SRINAGAR: Jammu and Kashmir Cable Car Corporation (JKCCC) has failed to persuade the Kolatta-based private company to replace the defective and inferior components of much-hyped Makhdoom Sahib Ropeway in old Srinagar city that has been defunct since May this year.
Constructed at a cost of around Rs 8 crore, the 550 metre ropeway was built by Jammu and Kashmir Cable Car Corporation (JKCCC) through Kolkatta-based Ropeway and Resorts Pvt Ltd and it was inaugurated by the then Rural and Development Minister Ali Muhammad Sagar during the previous government on 23 December 2013.
The ropeway that has been designed to ferry 275 passengers per hour at a speed of three metres per second has proved a white-elephant for the State Exchequer. This ropeway was built under political pressure and it was only aimed to get political mileage. Besides the intervention from some political leaders, the officials at the helm of affair that time didnt even bother to check the components used in the ropeway, said an employee of the Cable Car Corporation.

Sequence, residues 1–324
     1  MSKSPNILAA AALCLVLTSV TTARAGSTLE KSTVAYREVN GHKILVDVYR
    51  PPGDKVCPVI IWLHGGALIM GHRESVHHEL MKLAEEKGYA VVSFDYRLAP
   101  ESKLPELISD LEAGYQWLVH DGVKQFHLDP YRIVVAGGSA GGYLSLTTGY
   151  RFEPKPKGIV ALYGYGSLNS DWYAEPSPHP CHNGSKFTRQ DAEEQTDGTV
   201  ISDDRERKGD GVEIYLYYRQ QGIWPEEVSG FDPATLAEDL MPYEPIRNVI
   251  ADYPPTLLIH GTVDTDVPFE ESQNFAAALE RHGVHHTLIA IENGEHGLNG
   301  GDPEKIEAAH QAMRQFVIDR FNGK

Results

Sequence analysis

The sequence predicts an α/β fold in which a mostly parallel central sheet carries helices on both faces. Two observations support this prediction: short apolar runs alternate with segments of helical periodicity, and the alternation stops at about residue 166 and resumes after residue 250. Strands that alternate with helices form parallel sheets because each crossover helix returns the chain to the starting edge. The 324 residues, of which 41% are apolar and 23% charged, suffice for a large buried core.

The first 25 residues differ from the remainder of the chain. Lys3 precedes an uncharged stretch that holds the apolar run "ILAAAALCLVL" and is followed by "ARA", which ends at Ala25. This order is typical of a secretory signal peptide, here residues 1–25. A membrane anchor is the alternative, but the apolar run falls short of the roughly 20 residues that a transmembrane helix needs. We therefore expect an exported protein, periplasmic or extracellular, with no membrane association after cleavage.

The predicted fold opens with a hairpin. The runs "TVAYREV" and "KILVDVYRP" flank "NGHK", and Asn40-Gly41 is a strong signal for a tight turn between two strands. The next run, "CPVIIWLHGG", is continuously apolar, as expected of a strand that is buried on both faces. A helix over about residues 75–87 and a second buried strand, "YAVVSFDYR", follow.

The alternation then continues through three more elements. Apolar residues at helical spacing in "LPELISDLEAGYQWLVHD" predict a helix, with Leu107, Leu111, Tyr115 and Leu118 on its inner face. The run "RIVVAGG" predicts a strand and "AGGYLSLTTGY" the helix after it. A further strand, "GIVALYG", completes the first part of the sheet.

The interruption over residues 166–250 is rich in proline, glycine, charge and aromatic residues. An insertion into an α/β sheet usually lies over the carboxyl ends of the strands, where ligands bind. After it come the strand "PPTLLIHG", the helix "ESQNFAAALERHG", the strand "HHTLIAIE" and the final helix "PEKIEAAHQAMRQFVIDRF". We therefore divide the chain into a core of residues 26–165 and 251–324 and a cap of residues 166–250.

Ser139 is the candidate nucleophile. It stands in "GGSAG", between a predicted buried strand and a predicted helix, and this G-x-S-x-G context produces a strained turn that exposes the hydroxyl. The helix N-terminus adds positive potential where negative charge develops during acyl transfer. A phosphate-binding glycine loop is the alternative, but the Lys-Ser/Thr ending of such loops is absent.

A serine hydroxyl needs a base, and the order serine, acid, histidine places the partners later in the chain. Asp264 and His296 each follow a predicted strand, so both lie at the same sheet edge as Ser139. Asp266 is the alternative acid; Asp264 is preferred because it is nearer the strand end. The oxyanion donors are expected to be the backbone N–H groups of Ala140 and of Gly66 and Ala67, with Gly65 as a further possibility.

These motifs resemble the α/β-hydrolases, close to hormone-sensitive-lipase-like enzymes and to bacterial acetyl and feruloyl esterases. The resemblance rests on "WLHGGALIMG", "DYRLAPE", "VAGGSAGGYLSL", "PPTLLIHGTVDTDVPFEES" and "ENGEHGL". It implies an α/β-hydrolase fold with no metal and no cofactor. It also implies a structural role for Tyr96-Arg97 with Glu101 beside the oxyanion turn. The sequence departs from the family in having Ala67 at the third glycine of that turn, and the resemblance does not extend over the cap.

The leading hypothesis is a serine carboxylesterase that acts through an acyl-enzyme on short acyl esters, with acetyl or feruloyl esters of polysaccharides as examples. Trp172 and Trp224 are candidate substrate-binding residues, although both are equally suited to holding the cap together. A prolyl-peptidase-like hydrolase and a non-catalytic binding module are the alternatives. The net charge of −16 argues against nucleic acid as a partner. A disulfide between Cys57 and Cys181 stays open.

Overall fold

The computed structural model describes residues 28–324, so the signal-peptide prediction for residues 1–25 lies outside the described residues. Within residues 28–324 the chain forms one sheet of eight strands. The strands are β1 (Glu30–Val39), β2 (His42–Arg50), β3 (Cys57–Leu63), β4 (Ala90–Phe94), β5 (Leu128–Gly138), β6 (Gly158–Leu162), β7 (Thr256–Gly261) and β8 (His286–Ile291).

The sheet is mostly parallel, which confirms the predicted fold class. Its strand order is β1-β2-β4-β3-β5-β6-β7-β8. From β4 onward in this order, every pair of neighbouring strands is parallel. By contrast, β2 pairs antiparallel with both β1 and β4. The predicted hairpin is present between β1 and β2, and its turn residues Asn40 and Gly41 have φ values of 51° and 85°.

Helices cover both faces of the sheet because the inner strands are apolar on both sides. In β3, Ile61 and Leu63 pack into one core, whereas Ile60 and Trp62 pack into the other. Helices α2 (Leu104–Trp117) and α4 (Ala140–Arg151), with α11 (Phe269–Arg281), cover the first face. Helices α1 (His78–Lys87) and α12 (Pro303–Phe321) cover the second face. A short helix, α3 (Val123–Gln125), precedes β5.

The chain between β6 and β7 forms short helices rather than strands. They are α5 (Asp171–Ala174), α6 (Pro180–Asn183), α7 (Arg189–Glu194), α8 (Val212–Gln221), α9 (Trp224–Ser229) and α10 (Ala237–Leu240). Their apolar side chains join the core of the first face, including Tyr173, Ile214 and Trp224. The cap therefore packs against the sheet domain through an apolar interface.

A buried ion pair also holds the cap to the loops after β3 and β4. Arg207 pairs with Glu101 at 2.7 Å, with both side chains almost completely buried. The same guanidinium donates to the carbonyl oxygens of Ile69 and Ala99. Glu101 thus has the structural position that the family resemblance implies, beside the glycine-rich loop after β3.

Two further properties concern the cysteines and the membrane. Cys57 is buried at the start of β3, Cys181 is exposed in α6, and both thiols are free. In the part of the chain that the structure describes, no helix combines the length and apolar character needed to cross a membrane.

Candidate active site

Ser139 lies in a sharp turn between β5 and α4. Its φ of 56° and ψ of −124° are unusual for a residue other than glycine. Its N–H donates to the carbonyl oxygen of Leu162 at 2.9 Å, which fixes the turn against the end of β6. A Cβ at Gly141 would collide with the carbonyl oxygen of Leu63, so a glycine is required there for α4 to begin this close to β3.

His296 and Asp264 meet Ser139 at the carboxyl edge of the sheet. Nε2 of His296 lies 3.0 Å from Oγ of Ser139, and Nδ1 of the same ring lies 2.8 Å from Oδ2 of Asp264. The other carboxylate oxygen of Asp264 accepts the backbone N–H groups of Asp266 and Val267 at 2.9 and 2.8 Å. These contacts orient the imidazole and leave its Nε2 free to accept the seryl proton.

According to sources, despite being in warranty, the Kolkatta-based company is reluctant to replace the inferior defective components. Corporation has been making no efforts now after the Company refused to replace the defective components. It has been five months now and still the ropeway is out of order.
Forget about recovering revenue loss of Rs one lakh per month from the said Company, the Company is in no mood to make the ropeway functional. The officials of the Cable Car Corporation are in a fix. The Corporation is mulling to approach some other private company for the replacement of the defective components. The Corporation has not even received the reply in response to its communiqué to the company, said an Official from Corporation.
Pertinently, JKCCC General Manager Badarudin Jamali soon after the closure of the ropeway in May 2015 had claimed that it will be made operational after a month.
Be Part of Quality Journalism
Quality journalism takes a lot of time, money and hard work to produce and despite all the hardships we still do it. Our reporters and editors are working overtime in Kashmir and beyond to cover what you care about, break big stories, and expose injustices that can change lives. Today more people are reading Kashmir Observer than ever, but only a handful are paying while advertising revenues are falling fast.